Diabetes Drug Pioglitazone may also Treat Alzheimer’s disease

Research Finds Some Benefits

Preliminary studies of Pioglitazone, an FDA-approved medication for type 2 diabetes indicate that it could reduce inflammatory reactions to the abnormal accumulations of amyloid beta protein that occur in Alzheimer’s disease. David S. Geldmacher et al, M.D., of the Universities of Virginia, Charlottesville and Case Western Reserve University in Cleveland, Ohio Other research suggests that blood sugar and insulin levels, which are regulated by pioglitazone, can also influence memory and thinking in people with Alzheimer’s.

The 18-month study of 25 people (12 taking pioglitazone, 13 a placebo) was to look at the safety of pioglitazone’s effects in non-diabetics with Alzheimer’s and to look at whether pioglitazone treatment might slow progression of the disease.

Their study found that pioglitazone had similar side effects in people with Alzheimer’s and with people with diabetes. Those were foot, ankle swelling but no serious or life-threatening side effects. The researchers found no statistically significant differences in memory or thinking, daily function, or abnormal behaviors between the pioglitazone and placebo groups. Some people taking pioglitazone showed less deterioration over the period in some assessments.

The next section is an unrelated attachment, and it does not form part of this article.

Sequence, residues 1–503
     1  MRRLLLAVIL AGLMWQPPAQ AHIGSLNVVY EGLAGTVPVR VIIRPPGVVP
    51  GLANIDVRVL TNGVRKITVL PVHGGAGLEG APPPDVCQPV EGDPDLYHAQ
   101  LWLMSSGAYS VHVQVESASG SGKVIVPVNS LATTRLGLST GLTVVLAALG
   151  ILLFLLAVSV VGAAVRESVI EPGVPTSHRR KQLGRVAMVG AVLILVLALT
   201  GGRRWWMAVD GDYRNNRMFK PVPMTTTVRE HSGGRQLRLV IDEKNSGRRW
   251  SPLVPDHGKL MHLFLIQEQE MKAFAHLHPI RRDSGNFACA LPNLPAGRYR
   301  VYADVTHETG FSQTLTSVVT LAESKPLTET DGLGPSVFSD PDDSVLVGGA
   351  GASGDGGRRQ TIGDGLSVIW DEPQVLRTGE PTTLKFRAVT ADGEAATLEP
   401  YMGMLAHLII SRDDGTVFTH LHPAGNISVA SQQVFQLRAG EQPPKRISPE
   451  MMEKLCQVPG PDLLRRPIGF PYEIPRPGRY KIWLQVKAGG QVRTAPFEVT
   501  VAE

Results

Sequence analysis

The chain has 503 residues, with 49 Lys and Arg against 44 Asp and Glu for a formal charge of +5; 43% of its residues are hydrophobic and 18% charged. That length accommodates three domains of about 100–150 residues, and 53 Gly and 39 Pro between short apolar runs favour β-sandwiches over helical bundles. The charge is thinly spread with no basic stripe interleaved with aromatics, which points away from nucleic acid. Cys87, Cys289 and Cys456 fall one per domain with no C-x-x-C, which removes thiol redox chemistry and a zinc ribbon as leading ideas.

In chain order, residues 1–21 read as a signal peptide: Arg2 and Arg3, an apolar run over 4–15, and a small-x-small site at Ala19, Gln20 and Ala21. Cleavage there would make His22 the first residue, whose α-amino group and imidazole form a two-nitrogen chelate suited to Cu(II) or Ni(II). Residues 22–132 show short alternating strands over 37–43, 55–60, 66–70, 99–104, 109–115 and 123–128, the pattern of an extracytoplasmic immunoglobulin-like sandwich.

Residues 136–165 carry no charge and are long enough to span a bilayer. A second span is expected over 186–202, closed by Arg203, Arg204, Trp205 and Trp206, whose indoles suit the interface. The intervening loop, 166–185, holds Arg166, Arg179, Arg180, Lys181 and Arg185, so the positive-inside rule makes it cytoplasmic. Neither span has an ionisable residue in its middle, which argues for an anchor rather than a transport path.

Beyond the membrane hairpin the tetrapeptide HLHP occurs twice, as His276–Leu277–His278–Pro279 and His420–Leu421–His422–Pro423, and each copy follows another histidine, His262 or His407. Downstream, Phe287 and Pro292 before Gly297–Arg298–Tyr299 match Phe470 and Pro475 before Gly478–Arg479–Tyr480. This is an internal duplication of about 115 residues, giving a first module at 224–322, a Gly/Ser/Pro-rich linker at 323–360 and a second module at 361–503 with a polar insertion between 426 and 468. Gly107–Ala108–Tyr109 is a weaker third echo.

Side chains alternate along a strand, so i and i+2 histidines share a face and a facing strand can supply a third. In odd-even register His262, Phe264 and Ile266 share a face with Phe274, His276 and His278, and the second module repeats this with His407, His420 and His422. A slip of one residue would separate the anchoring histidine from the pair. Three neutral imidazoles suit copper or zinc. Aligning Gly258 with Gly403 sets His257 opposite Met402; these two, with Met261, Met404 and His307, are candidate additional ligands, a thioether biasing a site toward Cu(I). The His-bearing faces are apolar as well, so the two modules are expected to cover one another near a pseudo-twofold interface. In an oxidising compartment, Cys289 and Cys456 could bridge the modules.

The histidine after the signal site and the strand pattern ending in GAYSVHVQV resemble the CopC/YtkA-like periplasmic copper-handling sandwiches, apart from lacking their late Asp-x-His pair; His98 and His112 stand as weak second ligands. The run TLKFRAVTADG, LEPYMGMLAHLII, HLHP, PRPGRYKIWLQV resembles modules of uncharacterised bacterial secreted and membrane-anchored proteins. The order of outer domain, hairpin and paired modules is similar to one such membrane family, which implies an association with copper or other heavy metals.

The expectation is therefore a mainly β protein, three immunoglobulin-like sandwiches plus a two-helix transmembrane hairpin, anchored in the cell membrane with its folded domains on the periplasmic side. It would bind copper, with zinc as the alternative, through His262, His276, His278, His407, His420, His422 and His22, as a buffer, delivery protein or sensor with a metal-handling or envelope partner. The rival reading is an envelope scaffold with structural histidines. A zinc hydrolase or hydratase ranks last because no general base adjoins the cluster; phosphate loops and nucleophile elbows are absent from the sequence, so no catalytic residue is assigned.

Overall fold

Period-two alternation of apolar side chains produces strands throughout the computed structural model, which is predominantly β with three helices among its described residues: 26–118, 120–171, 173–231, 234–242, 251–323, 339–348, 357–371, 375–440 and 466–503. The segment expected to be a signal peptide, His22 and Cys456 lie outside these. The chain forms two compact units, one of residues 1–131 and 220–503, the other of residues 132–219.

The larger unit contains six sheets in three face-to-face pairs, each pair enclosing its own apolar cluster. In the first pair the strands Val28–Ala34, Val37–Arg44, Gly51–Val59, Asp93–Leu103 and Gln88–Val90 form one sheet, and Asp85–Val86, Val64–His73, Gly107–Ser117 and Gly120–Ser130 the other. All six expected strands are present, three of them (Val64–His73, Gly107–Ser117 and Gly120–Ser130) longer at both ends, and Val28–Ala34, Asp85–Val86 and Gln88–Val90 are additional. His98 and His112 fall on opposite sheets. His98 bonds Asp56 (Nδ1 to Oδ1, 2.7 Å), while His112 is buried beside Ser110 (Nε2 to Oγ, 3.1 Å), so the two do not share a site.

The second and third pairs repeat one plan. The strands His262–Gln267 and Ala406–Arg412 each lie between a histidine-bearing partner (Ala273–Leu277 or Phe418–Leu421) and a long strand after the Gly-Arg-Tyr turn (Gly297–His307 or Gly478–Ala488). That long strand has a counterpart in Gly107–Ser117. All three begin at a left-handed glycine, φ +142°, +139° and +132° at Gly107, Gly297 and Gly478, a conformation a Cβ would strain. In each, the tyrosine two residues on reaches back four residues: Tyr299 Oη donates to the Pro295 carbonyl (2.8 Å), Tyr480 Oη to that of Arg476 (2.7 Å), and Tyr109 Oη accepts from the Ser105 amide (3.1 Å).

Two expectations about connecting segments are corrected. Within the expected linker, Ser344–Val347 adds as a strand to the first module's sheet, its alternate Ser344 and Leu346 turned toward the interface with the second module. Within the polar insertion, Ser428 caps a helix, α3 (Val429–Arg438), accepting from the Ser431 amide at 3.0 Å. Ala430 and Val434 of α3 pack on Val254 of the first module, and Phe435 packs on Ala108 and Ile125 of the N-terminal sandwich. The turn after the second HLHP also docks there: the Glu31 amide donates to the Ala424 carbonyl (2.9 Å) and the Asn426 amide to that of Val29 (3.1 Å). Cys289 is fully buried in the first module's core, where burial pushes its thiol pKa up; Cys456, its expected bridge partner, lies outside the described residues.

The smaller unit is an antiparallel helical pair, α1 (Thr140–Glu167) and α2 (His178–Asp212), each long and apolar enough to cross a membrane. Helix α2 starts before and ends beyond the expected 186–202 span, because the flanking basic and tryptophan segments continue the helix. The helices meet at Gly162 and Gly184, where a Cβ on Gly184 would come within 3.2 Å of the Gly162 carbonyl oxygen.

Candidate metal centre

David S. Geldmacher – A Double-Blind, Placebo-Controlled, 18-Month Pilot Study of the PPAR-Gamma Agonist Pioglitazone in Alzheimer's Disease.
This research was funded by Takeda Pharmaceuticals North America NIA/NIH)

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